Now is the time for the next mobile manufacturer to invest in a PC in the form of a Windows tablet. We first saw the Matebook at Mobile World Congress, where it was Huawei’s biggest news. Perhaps it was a slightly odd occasion to present it, and Huawei only launched new mobiles later in the spring. But Huawei has always done things a little in its own way.
As for the Matebook, however, we are struck by how very similar it is to the Samsung Galaxy Tab Pro S. Both have an Intel Core m3 processor under the shell, 128 gigabytes ssd, 4 gigabytes of ram memory and a 12-inch qhd screen (that is, 2 560 x 1440 pixels). There is plenty of performance for common everyday tasks such as the web, media playback and office work, and you can also patiently edit photos, for example.
We might have appreciated more RAM in some situations. There is also a more expensive version of the same plate, with a slightly more powerful processor (Core m5 instead of Core m3), 8 gigabytes of RAM and a larger ssd, but for it you have to pay significantly more and for most people, our tested model probably provides the best value for the money.
Stylish and slim
The Huawei Matebook without a keyboard part is very slim and has a simple but elegant design with rounded edges and a back in matte gold shimmering metal. The Huawei Matebook is a few millimeters thicker than the Galaxy Tab Pro S, but at seven millimeters is still excellently thin. Then we ignore the fact that the Samsung tablet has a protruding photo lens at the back – the Matebook has no rear-facing camera, but is more like a normal laptop in that respect, the webcam in the front is what matters. In return, it is also a few millimeters shorter in length and width, and a few grams lighter.
It is a bit uncertain if the keyboard part is included in all configurations of the Matebook, but in the package we are testing you get the case. It has a well-built small backlit keyboard and a small but well-functioning mouse pad. You connect it to the surface contact plate with a magnetic lock, which is smooth and easy to snap into place. To set up the tablet as a small notebook, you fold part of the case into a triangular support. Unfortunately, it’s not the smoothest solution we’ve seen. You cannot angle the screen as needed and it stands relatively wobbly.
High resolution screen
The screen is an ips panel with excellent sharpness and good viewing angles, but not as optimal contrast and color brightness as the Samsung tablet that has an amoled panel. In return, it has a slightly higher brightness, and can actually be used in daylight with a little good will. Here, however, both are a bit behind the best pure tablets.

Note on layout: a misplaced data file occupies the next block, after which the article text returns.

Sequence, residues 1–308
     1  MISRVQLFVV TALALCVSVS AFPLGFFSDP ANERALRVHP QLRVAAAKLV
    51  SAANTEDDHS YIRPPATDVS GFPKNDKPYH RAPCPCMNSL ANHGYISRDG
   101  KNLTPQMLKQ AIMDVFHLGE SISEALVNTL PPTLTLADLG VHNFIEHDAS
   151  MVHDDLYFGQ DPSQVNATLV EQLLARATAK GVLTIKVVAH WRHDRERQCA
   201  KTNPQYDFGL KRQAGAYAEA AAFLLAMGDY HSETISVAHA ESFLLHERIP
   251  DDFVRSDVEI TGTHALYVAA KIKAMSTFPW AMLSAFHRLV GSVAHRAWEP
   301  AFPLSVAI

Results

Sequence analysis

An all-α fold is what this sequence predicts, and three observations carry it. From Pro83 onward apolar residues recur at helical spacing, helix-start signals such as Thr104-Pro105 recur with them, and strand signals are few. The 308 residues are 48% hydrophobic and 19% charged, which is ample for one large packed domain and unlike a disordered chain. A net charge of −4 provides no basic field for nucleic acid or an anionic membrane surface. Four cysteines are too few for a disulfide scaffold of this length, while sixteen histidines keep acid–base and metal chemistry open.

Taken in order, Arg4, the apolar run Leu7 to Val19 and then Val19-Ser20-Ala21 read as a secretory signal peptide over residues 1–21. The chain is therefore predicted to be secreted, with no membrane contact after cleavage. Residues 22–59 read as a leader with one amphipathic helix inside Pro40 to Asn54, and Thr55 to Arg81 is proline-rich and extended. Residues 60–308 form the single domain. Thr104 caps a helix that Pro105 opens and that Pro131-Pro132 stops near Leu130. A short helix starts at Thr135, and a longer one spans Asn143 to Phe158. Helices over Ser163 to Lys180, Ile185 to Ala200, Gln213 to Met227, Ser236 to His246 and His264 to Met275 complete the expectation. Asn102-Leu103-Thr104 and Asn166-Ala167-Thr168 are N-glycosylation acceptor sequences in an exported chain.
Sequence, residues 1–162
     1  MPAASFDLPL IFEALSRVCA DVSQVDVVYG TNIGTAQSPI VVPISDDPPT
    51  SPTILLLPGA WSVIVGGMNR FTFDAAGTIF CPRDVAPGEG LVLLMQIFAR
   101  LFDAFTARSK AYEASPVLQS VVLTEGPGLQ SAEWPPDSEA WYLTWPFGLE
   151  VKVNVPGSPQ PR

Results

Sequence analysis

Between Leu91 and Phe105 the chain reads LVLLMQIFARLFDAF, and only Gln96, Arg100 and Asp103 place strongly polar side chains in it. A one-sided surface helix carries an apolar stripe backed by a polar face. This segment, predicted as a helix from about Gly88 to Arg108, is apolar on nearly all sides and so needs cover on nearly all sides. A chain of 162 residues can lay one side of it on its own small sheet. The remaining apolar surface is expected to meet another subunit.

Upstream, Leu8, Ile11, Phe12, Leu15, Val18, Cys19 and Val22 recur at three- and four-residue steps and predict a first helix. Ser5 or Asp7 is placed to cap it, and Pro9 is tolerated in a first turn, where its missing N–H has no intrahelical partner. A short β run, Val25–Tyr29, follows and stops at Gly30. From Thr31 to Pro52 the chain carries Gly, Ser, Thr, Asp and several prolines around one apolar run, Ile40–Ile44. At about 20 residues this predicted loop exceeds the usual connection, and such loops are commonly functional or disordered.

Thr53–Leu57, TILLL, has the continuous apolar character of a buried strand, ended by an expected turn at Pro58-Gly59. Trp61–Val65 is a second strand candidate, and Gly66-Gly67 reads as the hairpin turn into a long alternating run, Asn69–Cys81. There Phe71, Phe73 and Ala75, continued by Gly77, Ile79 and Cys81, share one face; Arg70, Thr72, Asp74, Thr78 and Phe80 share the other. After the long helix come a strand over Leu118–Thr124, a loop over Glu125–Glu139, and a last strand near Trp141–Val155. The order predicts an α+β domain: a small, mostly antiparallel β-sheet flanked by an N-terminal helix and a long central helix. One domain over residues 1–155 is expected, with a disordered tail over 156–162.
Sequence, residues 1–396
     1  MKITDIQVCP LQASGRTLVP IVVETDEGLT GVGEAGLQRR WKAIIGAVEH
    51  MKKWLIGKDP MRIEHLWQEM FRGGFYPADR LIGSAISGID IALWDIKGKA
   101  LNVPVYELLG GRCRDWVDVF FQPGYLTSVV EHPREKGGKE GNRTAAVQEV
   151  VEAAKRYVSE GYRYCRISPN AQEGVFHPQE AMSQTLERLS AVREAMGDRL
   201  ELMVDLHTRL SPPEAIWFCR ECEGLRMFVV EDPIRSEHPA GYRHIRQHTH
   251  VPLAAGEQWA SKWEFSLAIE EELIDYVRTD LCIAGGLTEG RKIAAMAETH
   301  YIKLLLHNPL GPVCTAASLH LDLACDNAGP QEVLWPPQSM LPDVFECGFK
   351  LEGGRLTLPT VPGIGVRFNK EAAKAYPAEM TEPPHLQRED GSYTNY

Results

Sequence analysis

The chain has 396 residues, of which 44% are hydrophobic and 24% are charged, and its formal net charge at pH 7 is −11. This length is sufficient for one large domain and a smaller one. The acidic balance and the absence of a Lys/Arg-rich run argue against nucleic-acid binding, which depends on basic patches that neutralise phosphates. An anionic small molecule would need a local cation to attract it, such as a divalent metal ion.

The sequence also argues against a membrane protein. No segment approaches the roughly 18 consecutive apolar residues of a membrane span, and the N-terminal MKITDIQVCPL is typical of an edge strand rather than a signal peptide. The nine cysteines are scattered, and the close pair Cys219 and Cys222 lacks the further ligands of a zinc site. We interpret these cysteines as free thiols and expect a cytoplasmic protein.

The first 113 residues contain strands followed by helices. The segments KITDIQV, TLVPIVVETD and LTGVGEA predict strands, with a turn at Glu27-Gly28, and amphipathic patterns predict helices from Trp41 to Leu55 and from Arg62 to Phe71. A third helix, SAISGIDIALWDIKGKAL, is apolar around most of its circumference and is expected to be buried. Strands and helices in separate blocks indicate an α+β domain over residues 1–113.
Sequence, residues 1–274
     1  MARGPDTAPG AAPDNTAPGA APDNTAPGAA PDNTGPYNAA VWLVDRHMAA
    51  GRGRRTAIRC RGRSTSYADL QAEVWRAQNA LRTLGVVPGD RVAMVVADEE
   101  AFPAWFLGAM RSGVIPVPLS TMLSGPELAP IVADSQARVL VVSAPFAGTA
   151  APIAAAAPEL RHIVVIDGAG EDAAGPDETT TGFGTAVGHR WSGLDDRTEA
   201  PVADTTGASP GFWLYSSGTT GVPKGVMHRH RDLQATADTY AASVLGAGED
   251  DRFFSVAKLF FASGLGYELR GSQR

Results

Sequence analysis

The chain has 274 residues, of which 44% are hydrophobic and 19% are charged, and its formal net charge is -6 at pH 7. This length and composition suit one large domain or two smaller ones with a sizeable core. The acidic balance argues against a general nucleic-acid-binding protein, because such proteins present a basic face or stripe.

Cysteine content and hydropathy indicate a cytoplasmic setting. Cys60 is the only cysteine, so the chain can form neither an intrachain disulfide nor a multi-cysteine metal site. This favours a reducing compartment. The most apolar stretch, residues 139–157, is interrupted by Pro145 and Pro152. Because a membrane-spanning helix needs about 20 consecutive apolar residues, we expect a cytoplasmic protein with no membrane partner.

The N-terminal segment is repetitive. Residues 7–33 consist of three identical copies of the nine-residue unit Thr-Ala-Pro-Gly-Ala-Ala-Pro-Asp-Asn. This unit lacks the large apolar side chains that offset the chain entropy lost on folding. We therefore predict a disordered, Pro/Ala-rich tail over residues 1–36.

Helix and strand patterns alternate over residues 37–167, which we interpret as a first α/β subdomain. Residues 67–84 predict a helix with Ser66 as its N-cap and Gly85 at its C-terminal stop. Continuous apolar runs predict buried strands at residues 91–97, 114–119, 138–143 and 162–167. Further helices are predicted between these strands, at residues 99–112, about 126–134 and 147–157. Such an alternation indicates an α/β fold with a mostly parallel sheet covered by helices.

With almost identical hardware to Samsung’s tablet, it is the battery and the screen that determine the battery life. Here sits a slightly smaller battery (perhaps a contributing factor to the lower weight). In addition, IPS screens usually draw a little more power, which means that the battery life is a little shorter. With moderate use, it lasts for about nine hours. It can be considered acceptable, but we also experience that it loses charge faster at high screen brightness than most tablets and smaller notebooks.
Usb c for everything
Like Samsung’s tablet, the Huawei Matebook only has two connections, one for headphones and a usb type c connector that is both for chargers and external accessories. We get an adapter for a large USB connector. We’re still hesitant about that solution, a Windows computer very often needs at least one usb connector, and if you have the charger in, you don’t have one free. The keyboard dock doesn’t have an extra port either. If you want a more traditional PC solution, Huawei sells a small dock separately for just over a thousand Swedish kroner. Then you get double usb 3 ports, network, hdmi and vga, as well as the possibility to charge the plate while these are plugged in.
On the upper long side of the plate are two small speaker elements that provide a clean but thin stereo sound with good dispersion. It is suitable for voice reproduction, for example during Skype calls, but is otherwise a bit flimsy. Watching Netflix movies doesn’t immediately give you a cinema feel. It’s a bit sad, because Huawei actually has an Android tablet with great sound.
The Huawei Matebook is a great-looking Windows tablet, the sleekest and sleekest to date, and one that’s actually light and comfortable enough to hold as a handheld tablet too. In terms of performance, it is in the same class as many modern ultrabooks, and the battery life is, if not convincing, at least approved. However, we wonder if it’s a bit too much style at the expense of practical handling. A more stable support and more battery wouldn’t have hurt.
Facts Huawei Matebook HZ-W09
Processor: Intel Core m3-6Y30, 0.9 GHz dual core
Graphics: Intel HD Graphics 515
Memory: 4 GB ddr3
Storage: 128 GB ssd
Screen: 12 inch ips, 2560×1440 pixels (216 ppt)
Camera: 5 megapixel front
Connections: Usb 3.0 type c, 3.5 mm headset, docking for keyboard
Wireless: 802.11a/b/g/n/ac (mimo), bluetooth 4.1
Miscellaneous: Fingerprint reader, adapter usb c to usb a, keyboard/carrying case
Accessories: Stylus, docking station
Operating system: Windows 10 Home
Battery life: 3h 30min (high load), 9h 10min (low load)
Size (flat): 27.9 x 19.4 x 0.7 cm
Weight: 640 g.
Award: SEK 10,000
Cinebench 11.6, cpu: 2.02 points
Cinebench 11.6, graphics: 22.38 fps
Disk, reading: 390 MB/s
Disk, search: 0.1 ms
Approved office performance
High resolution monitor
Thin and light
Pure Windows experience
Bookish to set up for desk work
Somewhat questionable battery life
No rear camera